Gabriel Weinberg, founder and chief executive officer of DuckDuckGo Inc., speaks during a Senate Judiciary Committee hearing in Washington, D.C., on Tuesday, March 12, 2019.
Al Drago | Bloomberg | Getty Images
Google’s exclusive contracts proved to be an “obstacle” for DuckDuckGo in pitching browsers on becoming the default search engine for their private browsing modes, DuckDuckGo CEO Gabriel Weinberg testified in federal court on Thursday.
DuckDuckGo, known for its privacy-centric search engine that rivals Google’s, had at some point pitched its search engine to be the default in private browsing modes of other browsers, Weinberg testified in Washington, D.C., District Court.
Google is facing allegations from the Department of Justice and a coalition of state attorneys general that it violated antitrust law through the use of exclusionary contracts to be the default search engine on browsers like Apple’s Safari and on phones that use Google’s Android operating system.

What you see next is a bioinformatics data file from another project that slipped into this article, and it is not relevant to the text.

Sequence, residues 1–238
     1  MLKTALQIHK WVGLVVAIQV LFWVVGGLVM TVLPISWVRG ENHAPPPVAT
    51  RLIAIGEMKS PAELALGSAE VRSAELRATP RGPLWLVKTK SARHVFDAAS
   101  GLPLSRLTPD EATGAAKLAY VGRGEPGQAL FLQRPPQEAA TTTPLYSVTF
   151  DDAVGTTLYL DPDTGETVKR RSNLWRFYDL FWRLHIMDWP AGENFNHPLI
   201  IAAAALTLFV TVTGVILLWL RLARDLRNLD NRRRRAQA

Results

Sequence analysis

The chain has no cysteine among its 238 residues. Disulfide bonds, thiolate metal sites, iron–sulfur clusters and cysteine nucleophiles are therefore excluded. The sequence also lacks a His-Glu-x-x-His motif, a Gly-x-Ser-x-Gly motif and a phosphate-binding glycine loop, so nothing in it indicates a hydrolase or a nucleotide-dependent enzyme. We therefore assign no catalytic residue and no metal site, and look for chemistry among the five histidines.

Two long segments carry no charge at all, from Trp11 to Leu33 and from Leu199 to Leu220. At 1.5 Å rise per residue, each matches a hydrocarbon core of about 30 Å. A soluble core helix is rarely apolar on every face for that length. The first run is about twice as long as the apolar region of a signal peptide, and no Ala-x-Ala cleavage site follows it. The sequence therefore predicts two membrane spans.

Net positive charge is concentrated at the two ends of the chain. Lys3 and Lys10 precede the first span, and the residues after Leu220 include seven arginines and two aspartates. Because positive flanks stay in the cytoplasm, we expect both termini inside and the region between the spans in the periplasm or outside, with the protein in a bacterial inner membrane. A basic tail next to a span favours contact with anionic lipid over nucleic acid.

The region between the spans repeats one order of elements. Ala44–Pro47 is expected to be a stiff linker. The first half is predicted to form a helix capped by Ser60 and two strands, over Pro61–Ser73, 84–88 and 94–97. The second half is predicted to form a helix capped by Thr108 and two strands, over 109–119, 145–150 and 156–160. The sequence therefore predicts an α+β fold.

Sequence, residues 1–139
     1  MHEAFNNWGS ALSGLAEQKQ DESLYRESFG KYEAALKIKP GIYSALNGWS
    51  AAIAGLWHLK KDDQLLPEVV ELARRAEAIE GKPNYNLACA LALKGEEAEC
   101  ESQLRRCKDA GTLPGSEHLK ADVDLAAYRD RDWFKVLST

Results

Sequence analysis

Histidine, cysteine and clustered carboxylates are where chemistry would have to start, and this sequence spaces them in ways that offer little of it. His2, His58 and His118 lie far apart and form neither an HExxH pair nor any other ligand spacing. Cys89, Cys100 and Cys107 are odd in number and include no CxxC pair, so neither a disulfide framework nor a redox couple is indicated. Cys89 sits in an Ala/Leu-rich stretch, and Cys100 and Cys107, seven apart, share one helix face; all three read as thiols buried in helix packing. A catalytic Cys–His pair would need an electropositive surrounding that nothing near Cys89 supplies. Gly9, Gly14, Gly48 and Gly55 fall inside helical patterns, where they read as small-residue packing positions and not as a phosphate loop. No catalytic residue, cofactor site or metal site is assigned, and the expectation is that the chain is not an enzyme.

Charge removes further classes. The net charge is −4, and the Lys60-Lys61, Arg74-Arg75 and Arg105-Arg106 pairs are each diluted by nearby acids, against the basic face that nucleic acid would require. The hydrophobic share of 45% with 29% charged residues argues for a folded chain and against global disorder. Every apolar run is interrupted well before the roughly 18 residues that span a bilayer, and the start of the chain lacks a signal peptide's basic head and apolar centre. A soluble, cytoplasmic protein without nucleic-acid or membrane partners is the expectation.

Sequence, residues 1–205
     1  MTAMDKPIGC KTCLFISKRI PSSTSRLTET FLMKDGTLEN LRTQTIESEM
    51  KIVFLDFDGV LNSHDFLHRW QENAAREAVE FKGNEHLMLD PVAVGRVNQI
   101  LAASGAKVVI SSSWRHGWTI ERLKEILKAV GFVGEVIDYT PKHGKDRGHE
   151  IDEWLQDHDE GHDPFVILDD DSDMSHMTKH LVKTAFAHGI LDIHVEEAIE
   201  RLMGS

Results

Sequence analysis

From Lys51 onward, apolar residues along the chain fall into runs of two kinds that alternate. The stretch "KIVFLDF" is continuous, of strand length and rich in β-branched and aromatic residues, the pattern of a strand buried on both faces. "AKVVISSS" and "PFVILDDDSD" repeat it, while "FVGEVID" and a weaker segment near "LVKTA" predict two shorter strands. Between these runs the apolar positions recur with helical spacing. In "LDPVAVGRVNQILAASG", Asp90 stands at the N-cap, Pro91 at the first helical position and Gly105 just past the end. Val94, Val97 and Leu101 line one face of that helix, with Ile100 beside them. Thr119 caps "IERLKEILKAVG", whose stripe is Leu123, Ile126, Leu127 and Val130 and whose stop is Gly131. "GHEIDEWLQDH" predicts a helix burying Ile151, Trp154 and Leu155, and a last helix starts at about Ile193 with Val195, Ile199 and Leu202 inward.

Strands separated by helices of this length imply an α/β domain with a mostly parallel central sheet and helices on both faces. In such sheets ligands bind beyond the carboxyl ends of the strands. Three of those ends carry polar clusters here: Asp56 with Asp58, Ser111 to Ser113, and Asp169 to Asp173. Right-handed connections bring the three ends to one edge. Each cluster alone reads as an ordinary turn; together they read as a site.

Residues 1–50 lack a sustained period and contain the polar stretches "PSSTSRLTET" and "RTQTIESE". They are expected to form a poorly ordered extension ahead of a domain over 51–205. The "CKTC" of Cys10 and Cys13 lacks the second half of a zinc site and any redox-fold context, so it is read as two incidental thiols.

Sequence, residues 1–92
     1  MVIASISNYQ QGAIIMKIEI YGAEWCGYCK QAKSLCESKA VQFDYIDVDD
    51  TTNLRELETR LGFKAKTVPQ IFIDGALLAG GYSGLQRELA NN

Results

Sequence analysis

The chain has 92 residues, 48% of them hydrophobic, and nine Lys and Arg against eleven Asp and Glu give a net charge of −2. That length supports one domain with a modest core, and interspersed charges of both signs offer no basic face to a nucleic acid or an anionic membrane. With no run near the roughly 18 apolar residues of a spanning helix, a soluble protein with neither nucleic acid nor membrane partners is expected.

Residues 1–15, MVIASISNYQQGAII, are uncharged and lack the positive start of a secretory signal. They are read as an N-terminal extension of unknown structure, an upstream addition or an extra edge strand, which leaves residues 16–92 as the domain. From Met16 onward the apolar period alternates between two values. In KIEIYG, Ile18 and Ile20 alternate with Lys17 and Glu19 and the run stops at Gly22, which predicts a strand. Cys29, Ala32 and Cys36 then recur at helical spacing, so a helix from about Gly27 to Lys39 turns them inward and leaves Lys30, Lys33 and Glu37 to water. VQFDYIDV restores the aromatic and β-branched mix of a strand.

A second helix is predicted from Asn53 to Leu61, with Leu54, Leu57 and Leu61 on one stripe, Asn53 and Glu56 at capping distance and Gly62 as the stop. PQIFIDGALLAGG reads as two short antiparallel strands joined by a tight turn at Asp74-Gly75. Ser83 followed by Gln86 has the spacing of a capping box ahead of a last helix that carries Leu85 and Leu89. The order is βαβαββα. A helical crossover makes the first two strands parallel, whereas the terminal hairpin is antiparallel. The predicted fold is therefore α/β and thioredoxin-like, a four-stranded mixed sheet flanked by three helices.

“We thought it was a great pitch to browsers, honestly,” Weinberg said during questioning by an attorney for the Justice Department.
DuckDuckGo’s own research has found that many consumers aren’t aware that private browsing modes do not provide as much tracking protection as they would expect. Weinberg said the company presented that information to browser makers, showing that private browsing can mislead consumers, offering DuckDuckGo as a solution to that problem.
“We really took that pitch pretty far and wide,” Weinberg said. Despite garnering interest, he said they “hit an obstacle” with companies’ contracts with Google.
In the end, DuckDuckGo decided that “it was a quixotic exercise,” Weinberg said.
A Google spokesperson declined to comment on the testimony.
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